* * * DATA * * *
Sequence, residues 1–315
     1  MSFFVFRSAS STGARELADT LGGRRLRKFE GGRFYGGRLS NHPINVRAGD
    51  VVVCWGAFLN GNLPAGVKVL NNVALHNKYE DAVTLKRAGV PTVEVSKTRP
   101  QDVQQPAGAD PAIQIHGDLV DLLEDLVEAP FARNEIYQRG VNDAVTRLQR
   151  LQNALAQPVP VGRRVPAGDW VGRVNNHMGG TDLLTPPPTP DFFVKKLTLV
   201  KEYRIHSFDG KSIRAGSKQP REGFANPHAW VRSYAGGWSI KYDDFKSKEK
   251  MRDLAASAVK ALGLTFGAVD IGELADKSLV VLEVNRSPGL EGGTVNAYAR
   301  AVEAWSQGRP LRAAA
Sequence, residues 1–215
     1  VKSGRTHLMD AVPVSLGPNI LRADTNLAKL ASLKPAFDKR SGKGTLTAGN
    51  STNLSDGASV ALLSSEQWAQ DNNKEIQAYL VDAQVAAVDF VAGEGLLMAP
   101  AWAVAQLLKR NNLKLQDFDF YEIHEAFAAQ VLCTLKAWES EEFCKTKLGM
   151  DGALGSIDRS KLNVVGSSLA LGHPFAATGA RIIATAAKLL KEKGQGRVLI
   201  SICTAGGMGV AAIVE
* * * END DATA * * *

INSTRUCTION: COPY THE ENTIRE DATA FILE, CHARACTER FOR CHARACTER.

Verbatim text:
Sequence, residues 1–315
     1  MSFFVFRSAS STGARELADT LGGRRLRKFE GGRFYGGRLS NHPINVRAGD
    51  VVVCWGAFLN GNLPAGVKVL NNVALHNKYE DAVTLKRAGV PTVEVSKTRP
   101  QDVQQPAGAD PAIQIHGDLV DLLEDLVEAP FARNEIYQRG VNDAVTRLQR
   151  LQNALAQPVP VGRRVPAGDW VGRVNNHMGG TDLLTPPPTP DFFVKKLTLV
   201  KEYRIHSFDG KSIRAGSKQP REGFANPHAW VRSYAGGWSI KYDDFKSKEK
   251  MRDLAASAVK ALGLTFGAVD IGELADKSLV VLEVNRSPGL EGGTVNAYAR
   301  AVEAWSQGRP LRAAA
Sequence, residues 1–215
     1  VKSGRTHLMD AVPVSLGPNI LRADTNLAKL ASLKPAFDKR SGKGTLTAGN
    51  STNLSDGASV ALLSSEQWAQ DNNKEIQAYL VDAQVAAVDF VAGEGLLMAP
   101  AWAVAQLLKR NNLKLQDFDF YEIHEAFAAQ VLCTLKAWES EEFCKTKLGM
   151  DGALGSIDRS KLNVVGSSLA LGHPFAATGA RIIATAAKLL KEKGQGRVLI
   201  SICTAGGMGV AAIVE